According to your suggestion I just debayered my calibrated data as well with the Bilinear as with the SuperPixel interpolation method. The result is: It makes no difference in respect to the colored background artifact in the resulting integration.
I never tried bayer drizzle, so I have no experience how to apply it to my data.
I don't quite understand this statement. I never used an output pedestal and didn't experience any drawback so far. When my light frames are calibrated with my 150 s MasterDark and the MasterFlat, there is no severe clipping to zero. I have checked this again: with the set of 95 calibrated light frames the average number of pixels that are clipped to zero is 29 pixels. Given that the sensor has 11.7 million pixels, this is negligible. I can only imagine that you are referring to the wrong MasterDark (300 s) that I uploaded by mistake in the first zip archive. The 300 s MasterDark indeed could have produced some clipping when applied to the 150 s light frames.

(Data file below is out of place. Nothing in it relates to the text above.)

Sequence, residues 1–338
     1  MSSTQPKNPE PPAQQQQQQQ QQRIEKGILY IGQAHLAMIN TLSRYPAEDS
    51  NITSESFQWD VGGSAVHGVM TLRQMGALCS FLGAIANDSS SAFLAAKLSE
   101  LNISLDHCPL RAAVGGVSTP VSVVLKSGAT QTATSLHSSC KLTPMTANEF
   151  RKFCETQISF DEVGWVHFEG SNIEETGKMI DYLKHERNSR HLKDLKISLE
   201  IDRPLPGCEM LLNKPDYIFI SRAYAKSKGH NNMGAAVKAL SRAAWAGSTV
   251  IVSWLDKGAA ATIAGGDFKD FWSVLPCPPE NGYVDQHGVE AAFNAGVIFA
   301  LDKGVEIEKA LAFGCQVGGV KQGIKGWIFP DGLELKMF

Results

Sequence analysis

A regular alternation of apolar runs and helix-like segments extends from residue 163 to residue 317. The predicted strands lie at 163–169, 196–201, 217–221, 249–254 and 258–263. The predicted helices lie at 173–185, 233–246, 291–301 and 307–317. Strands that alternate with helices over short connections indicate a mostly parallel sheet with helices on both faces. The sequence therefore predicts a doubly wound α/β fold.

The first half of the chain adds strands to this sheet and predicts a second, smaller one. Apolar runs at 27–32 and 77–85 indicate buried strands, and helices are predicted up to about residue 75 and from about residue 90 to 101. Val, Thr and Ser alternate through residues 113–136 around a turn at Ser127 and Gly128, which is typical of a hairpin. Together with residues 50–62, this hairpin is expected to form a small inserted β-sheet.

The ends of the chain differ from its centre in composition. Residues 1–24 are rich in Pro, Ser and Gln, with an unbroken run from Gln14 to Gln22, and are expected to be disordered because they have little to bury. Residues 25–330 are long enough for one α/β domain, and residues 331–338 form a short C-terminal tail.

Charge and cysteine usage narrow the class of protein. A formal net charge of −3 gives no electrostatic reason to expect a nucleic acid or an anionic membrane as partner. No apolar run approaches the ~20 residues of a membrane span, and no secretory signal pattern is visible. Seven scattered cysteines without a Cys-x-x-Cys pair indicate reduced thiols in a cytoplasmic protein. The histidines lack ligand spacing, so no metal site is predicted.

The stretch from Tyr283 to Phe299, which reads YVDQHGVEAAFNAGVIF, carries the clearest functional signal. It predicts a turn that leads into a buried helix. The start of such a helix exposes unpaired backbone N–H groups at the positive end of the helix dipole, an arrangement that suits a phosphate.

Anyway, I did as you suggested and performed the workflow with an output pedestal of 800 DN applied. Again there was no visual difference in the integration result, and their histograms (workflow with / without pedestal) are barely discernable. So this is also not the cause of the colored background artifact.
Definitely not the wrong dark. I created a new dark from the 150s frames, then used that new master to calibrate each of the same 150s frames. Without a pedestal, they did not calibrate properly. I would try using a pedestal when calibrating your lights and see if it changes anything.